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NG_PPP(4)                BSD Kernel Interfaces Manual                NG_PPP(4)

     ng_ppp -- PPP protocol netgraph node type

     #include <&lt;netgraph/ng_ppp.h>&gt;

     The ppp node type performs multiplexing for the PPP protocol.  It handles
     only packets that contain data, and forwards protocol negotiation and
     control packets to a separate controlling entity (e.g., a user-land dae-
     mon).  This approach combines the fast dispatch of kernel implementations
     with the configuration flexibility of a user-land implementations.  The
     PPP node type directly supports multi-link PPP, Van Jacobson compression,
     PPP compression, PPP encryption, and the IP, IPX, and AppleTalk proto-
     cols.  A single PPP node corresponds to one PPP multi-link bundle.

     There is a separate hook for each PPP link in the bundle, plus several
     hooks corresponding to the directly supported protocols.  For compression
     and encryption, separate attached nodes are required to do the actual
     work.  The node type used will of course depend on the algorithm negoti-
     ated.  There is also a bypass hook which is used to handle any protocol
     not directly supported by the node.  This includes all of the control
     protocols: LCP, IPCP, CCP, etc.  Typically this node is connected to a
     user-land daemon via a ng_socket(4) type node.

     In general, the PPP node enables a specific link or functionality when
     (a) a NGM_PPP_SET_CONFIG message has been received which enables it, and
     (b) the corresponding hook(s) are connected.  This allows the controlling
     entity to use either method (a) or (b) (or both) to control the node's
     behavior.  When a link is connected but disabled, traffic can still flow
     on the link via the bypass hook (see below).

     During normal operation, the individual PPP links are connected to hooks
     link0, link1, etc.  Up to NG_PPP_MAX_LINKS links are supported.  These
     device-independent hooks transmit and receive full PPP frames, which
     include the PPP protocol, address, control, and information fields, but
     no checksum or other link-specific fields.

     On outgoing frames, when protocol compression has been enabled and the
     protocol number is suitable for compression, the protocol field will be
     compressed (i.e., sent as one byte instead of two).  Either compressed or
     uncompressed protocol fields are accepted on incoming frames.  Similarly,
     if address and control field compression has been enabled for the link,
     the address and control fields will be omitted (except for LCP frames as
     required by the standards).  Incoming frames have the address and control
     fields stripped automatically if present.

     Since all negotiation is handled outside the PPP node, the links should
     not be connected and enabled until the corresponding link has reached the
     network phase (i.e., LCP negotiation and authentication have completed
     successfully) and the PPP node has been informed of the link parameters
     via the NGM_PPP_LINK_CONFIG message.

     When a link is connected but disabled, all received frames are forwarded
     directly out the bypass hook, and conversely, frames may be transmitted
     via the bypass hook as well.  This mode is appropriate for the link
     authentication phase.  As soon as the link is enabled, the PPP node will
     begin processing frames received on the link.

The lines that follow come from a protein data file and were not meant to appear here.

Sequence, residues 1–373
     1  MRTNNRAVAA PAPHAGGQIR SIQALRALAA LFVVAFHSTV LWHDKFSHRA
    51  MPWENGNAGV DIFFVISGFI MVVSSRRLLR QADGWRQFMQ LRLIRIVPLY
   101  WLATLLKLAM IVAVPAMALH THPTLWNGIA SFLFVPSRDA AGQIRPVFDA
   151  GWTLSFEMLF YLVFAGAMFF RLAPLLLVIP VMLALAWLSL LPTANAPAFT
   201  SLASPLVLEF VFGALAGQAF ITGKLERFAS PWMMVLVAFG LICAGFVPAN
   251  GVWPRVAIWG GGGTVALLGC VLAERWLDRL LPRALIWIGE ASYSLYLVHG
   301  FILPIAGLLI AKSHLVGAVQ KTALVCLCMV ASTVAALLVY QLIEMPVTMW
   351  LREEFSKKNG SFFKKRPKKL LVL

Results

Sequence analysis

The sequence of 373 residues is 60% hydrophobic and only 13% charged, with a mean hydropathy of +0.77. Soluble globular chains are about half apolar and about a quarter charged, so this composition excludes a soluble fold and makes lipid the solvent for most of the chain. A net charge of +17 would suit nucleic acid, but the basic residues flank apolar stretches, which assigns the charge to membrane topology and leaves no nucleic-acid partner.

Compression is supported via two hooks, compress and decompress.  When
     enabled and connected, the PPP node writes outgoing frames on the comp
     hook and expects to receive back the compressed frame on the same hook.
     Similarly, the decompress hook is used to uncompress incoming frames when
     decompression is negotiated (compression and decompression are indepen-
     dently negotiable).  The type of node attached to these hooks should cor-
     respond to the type of compression negotiated, e.g., Deflate, Predic-
     tor-1, etc.

     Encryption works exactly analogously via the encrypt and decrypt nodes.
     Data is always compressed before being encrypted, and decrypted before
     being decompressed.

     Only bundle-level compression and encryption is directly supported; link-
     level compression and encryption can be handled transparently by down-
     stream nodes.

     When all of the vjc_ip, vjc_vjcomp, vjc_vjuncomp, and vjc_vjip hooks are
     connected, and the corresponding configuration flag is enabled, Van
     Jacobson compression and/or decompression will become active.  Normally
     these hooks connect to the corresponding hooks of a single ng_vjc(4)
     node.  The PPP node is compatible with the ``pass through'' modes of the
     ng_vjc(4) node type.

     When a frame is received on a link with an unsupported protocol, or a
     protocol which is disabled or for which the corresponding hook is uncon-
     nected, the PPP node forwards the frame out the bypass hook, prepended
     with a four byte prefix.  This first two bytes of the prefix indicate the
     link number on which the frame was received (in network order).  For such
     frames received over the bundle (i.e., encapsulated in the multi-link
     protocol), the special link number NG_PPP_BUNDLE_LINKNUM is used.  After
     the two byte link number is the two byte PPP protocol number (also in
     network order).  The PPP protocol number is two bytes long even if the
     original frame was protocol compressed.

     Conversely, any data written to the bypass hook is assumed to be in this
     same format.  The four byte header is stripped off, the PPP protocol num-
     ber is prepended (possibly compressed), and the frame is delivered over
     the desired link.  If the link number is NG_PPP_BUNDLE_LINKNUM the frame
     will be delivered over the multi-link bundle; or, if multi-link is dis-
     abled, over the (single) PPP link.

     Typically when the controlling entity receives an unexpected packet on
     the bypass hook it responds either by dropping the frame (if it's not
     ready for the protocol) or with an LCP protocol reject (if it doesn't
     recognize or expect the protocol).

     To enable multi-link PPP, the corresponding configuration flag must be
     set and at least one link connected.  The PPP node will not allow more
     than one link to be connected if multi-link is not enabled, nor will it
     allow certain multi-link settings to be changed while multi-link opera-
     tion is active (e.g., short sequence number header format).